The Joy of Foraging Wild Plants

JoAnn SkyWatcher

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Just think, there was a time not so long ago when many people grew most of their own food. Before the Industrial Revolution, this country was an agrarian culture. Immigrants brought their seeds with them, though many staples, such as potatoes, corn, cocoa, and tomatoes were found already in use here. Long before civilization rose and people started staying in one place to grow food, they wandered and gathered their foods. Our ancestors, whether they were hunters, gatherers or farmers, were in touch with the moon and earth cycles. People knew which foods to gather and when to gather them.

I love gathering wild edible plants. They don’t have to be watered or fertilized. Nature knows exactly what they need. All I have to know is which ones are edible, and when and where they grow. Where I live in Northern California, late Winter and early Spring is the best time to find wild greens. My two favorite wild greens are Miners Lettuce and Chickweed. In the Summer, I love finding wild berries, including blackberries and raspberries. I can eat them straight off the bush, add them to a fruit salad, put them in a kefir smoothie or make a cobbler or pie.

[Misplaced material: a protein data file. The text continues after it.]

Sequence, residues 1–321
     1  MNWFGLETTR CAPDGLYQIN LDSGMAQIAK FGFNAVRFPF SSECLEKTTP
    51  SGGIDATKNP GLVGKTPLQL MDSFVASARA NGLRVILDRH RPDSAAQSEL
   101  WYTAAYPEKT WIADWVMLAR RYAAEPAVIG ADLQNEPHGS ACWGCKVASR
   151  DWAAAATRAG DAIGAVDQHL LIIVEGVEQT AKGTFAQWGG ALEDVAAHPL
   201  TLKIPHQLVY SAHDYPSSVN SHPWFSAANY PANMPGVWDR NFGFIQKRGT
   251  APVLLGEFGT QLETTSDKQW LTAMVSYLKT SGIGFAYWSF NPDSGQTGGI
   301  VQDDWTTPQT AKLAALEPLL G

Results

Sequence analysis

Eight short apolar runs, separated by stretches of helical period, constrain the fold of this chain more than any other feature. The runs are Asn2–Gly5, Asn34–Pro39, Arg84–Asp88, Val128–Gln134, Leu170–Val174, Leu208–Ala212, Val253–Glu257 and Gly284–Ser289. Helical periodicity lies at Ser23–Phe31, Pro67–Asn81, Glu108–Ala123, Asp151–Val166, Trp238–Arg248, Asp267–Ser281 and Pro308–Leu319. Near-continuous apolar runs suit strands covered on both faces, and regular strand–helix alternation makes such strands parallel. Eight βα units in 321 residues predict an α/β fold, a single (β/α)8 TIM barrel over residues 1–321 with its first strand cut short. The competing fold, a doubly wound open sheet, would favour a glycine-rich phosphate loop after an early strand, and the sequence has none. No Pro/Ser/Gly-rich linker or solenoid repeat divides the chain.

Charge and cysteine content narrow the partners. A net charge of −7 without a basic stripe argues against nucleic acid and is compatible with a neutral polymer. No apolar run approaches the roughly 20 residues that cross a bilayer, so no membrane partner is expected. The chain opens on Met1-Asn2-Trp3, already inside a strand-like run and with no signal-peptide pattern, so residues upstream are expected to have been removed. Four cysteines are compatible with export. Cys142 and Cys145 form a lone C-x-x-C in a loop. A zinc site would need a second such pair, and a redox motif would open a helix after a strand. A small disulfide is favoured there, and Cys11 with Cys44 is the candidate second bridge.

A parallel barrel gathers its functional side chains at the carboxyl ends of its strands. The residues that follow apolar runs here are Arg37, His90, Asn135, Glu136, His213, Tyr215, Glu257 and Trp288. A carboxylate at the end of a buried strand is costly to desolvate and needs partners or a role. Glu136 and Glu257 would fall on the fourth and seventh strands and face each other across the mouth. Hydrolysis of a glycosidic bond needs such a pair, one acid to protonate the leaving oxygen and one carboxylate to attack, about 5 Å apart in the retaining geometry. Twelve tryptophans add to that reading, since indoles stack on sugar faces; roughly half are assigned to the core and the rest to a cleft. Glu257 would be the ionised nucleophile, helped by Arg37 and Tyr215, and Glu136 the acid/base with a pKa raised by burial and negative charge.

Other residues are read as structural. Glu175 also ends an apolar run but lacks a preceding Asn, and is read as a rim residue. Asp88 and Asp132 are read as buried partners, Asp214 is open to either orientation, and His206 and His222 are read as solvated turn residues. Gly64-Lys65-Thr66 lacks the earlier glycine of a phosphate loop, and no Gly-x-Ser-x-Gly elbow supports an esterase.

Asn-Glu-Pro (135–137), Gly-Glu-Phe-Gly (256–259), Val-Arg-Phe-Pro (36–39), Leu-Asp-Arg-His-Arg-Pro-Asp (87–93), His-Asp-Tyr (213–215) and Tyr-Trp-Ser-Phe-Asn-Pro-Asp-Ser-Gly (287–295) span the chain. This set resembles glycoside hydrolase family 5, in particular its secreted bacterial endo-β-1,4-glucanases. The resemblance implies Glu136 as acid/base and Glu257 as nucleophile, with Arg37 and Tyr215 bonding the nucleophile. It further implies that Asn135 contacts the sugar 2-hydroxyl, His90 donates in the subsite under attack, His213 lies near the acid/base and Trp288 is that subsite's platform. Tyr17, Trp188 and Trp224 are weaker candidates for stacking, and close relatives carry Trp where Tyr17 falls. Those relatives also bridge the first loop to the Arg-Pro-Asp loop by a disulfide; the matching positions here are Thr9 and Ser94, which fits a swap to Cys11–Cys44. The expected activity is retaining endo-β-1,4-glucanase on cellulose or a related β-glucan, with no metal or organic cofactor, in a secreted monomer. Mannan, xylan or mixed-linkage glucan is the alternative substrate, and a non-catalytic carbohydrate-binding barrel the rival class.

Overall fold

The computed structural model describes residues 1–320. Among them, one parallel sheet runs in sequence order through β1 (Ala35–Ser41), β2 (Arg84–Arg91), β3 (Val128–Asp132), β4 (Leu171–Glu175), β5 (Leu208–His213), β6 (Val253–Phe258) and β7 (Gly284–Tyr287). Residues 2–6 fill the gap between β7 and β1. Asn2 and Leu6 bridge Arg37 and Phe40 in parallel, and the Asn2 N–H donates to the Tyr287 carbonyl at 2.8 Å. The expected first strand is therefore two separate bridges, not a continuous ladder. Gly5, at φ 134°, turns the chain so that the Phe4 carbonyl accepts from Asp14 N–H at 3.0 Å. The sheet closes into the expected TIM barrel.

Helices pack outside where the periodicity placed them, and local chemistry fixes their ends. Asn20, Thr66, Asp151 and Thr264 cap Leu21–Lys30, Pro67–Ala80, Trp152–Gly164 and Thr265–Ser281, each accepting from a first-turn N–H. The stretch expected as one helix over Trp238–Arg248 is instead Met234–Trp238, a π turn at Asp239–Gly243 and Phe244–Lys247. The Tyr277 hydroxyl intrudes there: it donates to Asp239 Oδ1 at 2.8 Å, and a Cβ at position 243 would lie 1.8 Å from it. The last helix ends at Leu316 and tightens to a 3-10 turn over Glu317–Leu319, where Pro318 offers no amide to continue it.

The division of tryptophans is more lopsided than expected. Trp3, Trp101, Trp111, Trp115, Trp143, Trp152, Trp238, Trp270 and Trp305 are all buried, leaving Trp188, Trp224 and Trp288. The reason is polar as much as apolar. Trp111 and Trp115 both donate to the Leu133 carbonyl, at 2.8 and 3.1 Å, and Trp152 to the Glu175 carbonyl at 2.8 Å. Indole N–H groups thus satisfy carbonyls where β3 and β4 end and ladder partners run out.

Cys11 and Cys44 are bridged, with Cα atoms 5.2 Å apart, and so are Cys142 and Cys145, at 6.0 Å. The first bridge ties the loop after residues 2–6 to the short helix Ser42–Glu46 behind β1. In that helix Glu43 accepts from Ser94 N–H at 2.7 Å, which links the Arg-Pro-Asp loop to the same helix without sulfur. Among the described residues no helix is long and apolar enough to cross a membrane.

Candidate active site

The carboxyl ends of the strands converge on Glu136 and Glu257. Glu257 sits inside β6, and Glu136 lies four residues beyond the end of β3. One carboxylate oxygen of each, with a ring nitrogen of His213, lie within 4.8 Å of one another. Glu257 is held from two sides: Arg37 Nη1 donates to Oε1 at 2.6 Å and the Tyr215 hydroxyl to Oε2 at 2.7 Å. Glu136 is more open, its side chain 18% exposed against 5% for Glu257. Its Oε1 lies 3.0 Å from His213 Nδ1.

Bradford Angier’s Field Guide to Edible Wild Plants was one of my first books to turn me on to the idea that there are plants waiting to be picked and eaten. A more recent book I like to use is Edible Wild Plants—A North American Field Guide by Thomas S. Elias and Peter A. Dykeman. A highlight of this book is that it has a guide key that includes the season, region, habitat, and edible uses.

After learning where plants grow, and when is the time of the year to harvest them there will be food just waiting for whoever gets there first. When I harvest, I try to take a little from several plants, to make sure the plant will continue to grow for future generations.

JoAnn SkyWatcher is an energy healer. She uses Spiritual Mind Treatment, Visualization, Breath, and Emotional Freedom Techniques. She lives with her Beloved husband, Steve Ryals, author of Drunk with Wonder: Awakening to the God Within in the remote hills of Northern California.


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